The marginalization of the PRI candidate turned the race into a clash of opposites. Calderon, 43, a lawyer from a comfortable middle class family and a conventional politician, had grown up in the PAN, which his father helped found nearly seven decades ago. He has functioned as the party's youth leader, president, and gubernatorial candidate in his native state of Michoacan. In addition, he had won election to the D.F. city council plus two terms in the Chamber of Deputies, where he headed the PAN faction (2000-03). Although much more astute than the politically tone-deaf Fox, Calderon pledged to continue, broaden, and deepen the incumbent's market-oriented policies. Inspired by Social Christian ideals, he also promised to combat the poverty that afflicts half of his nation's 107.5 million inhabitants. He proved attractive to economic progressives, women, the relatively prosperous north and west, the well-to-do, university graduates, urban residents, those who approved of Fox's performance, the business community, and beneficiaries of "Opportunities" and other social programs focused on the poorest of poor.[4]

In contrast, Lopez Obrador, 52, grew up in a family of small-town shopkeepers, lived for more than five years amid the impoverished Chontal Indians, spurned creature comforts, and launched "Exodus" marches to decry the political and ecological contamination of his oil-endowed home state of Tabasco. Rather than make a third attempt to win the governorship of Tabasco, he successfully ran for mayor of the capital in 2000. He immediately christened the D.F. as "the City of Hope," called himself the "Little Ray of Hope," and insisted that he was "politically indestructible." While other Latin American populists claim to "represent" the downtrodden, Lopez Obrador "incarnates" their struggle against the 10 percent elite who control 45 percent of the nation's wealth. He appealed to welfare-state advocates, the D.F. voters and those in surrounding areas, the South, the less educated, and have-nots. He and Calderon ran neck-and-neck in rural areas, while Lopez Obrador performed slightly better among men and older voters.

The Federal Electoral Institute is responsible for registering voters, organizing elections, monitoring campaigns, conducting a scientific sample of 70,000 of the 130,488 precincts (the "rapid count," or PREP) on Election Day, overseeing a vote-by-vote tally of ballots, and announcing a preliminary winner. Established by the administration of Carlos Salinas (1988-94) in the aftermath of the fraud-ridden 1988 presidential election, IFE began operations in October 1990 as an arm of the federal government. In accord with a new, comprehensive electoral law (COFIPE), it became an autonomous, citizen-run agency in 1996. Congress selects the nine members who compose IFE's governing General Council.

Under the remarkable leadership of Jose Woldenberg (1996-2003), the General Council gained worldwide fame for its professionalism. In 2003 Carlos Luis Ugalde succeeded Woldenberg when a new General Council was chosen. Although the current body does not enjoy the international prestige of the Woldenberg team, 76 percent of the public once expressed belief in its "impartiality." This figure fell to 56 percent by July 2006 in the wake of Lopez Obrador's drumbeat of attacks on the Institute as a pawn of the Fox administration and as a "sold-out umpire" (arbitro vendido).[5]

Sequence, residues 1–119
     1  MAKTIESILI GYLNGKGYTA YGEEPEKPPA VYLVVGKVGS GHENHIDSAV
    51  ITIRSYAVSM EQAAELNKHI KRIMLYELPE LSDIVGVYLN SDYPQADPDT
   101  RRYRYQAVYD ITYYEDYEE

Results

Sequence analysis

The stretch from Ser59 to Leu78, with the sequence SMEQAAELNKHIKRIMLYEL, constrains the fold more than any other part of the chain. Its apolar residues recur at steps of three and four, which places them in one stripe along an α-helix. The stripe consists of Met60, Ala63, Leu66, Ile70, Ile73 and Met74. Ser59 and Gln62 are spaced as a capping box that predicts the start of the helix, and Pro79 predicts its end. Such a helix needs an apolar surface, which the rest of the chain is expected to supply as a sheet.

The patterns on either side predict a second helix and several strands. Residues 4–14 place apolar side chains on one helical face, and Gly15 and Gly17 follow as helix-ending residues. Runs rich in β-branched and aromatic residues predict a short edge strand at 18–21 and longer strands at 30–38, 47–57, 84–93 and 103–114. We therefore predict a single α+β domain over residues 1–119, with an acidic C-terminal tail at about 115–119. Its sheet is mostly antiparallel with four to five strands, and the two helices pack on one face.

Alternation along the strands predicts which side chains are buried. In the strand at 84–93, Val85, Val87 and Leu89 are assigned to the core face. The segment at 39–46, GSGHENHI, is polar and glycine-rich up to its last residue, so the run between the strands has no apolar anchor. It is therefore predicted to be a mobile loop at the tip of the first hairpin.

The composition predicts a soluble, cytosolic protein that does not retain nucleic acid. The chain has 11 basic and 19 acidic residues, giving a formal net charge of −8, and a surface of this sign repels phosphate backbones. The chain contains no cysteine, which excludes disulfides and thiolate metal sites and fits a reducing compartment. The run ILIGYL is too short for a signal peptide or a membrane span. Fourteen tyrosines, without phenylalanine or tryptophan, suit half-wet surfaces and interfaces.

Ugalde gratuitously handed Lopez Obrador ammunition by failing to report that some 2.5 million ballots—laid aside because of technical irregularities—had not been included in the first PREP. The omission encouraged the media to trumpet Calderon as the winner on July 3. With the inclusion of these ballots, When included, the PAN candidate's advantage dropped from 1.04 to 0.64 percent. This legerdemain gave the increasingly militant Little Ray of Hope additional grounds to impugn a political system he deems corrupt.

Lopez Obrador is continuing his legal assault on the outcome before the TEPJF. Also a product of reforms in the mid-1990s, the "Superior Chamber" of TEPJF is empowered to resolve definitively and irrevocably challenges to the outcome of presidential elections.

The seven judges, or Electoral Magistrates, who will select Mexico's next president are prestigious jurists. They are among 22 jurists selected unanimously by the Senate from a list of 66 nominees (The Senate unanimously elected 15 other TEPJF judges, who preside over five regional chambers during years in which federal elections are held). To avoid corruption, the judges are paid approximately $415,000 per year and are limited to single 10-year terms. The incumbents are:

* Chief Judge Leonel Castillo Gonzalez. When Judge Eloy Fuentes Cerda resigned as chief magistrate under pressure in September 2005, Castillo Gonzalez (four votes) was chosen his successor over Berta Alfonsina Navarro (two) and Jose de Jesús Orozco (one). At age 10, the fatherless Castillo Gonzalez, whose relatives worked communal lands known as ejidos, lived with the children of refugees from the Spanish Civil War. He has a strong commitment to social causes and is not invulnerable to pressure. He recently stated, "It's wrong to think that demonstrations, marches, the blockage of roads or highways can change the judicial decision of the tribunal."[6]

* Judge Eloy Fuentes Cerda is the author of Reflections on Reelection and About Democracy and the State of Law. While secrecy shrouded the move, tribunal-watchers claim that his colleagues forced the resignation of Fuente Cerda as chief magistrate. The PAN had publicly criticized him because on his watch the TEJPF upheld narrow PRI victories in gubernatorial races in Oaxaca, Sinaloa, and Veracruz. PAN President Manuel Espino Barrientos said the shift would enable the tribunal to "regain its credibility."[7]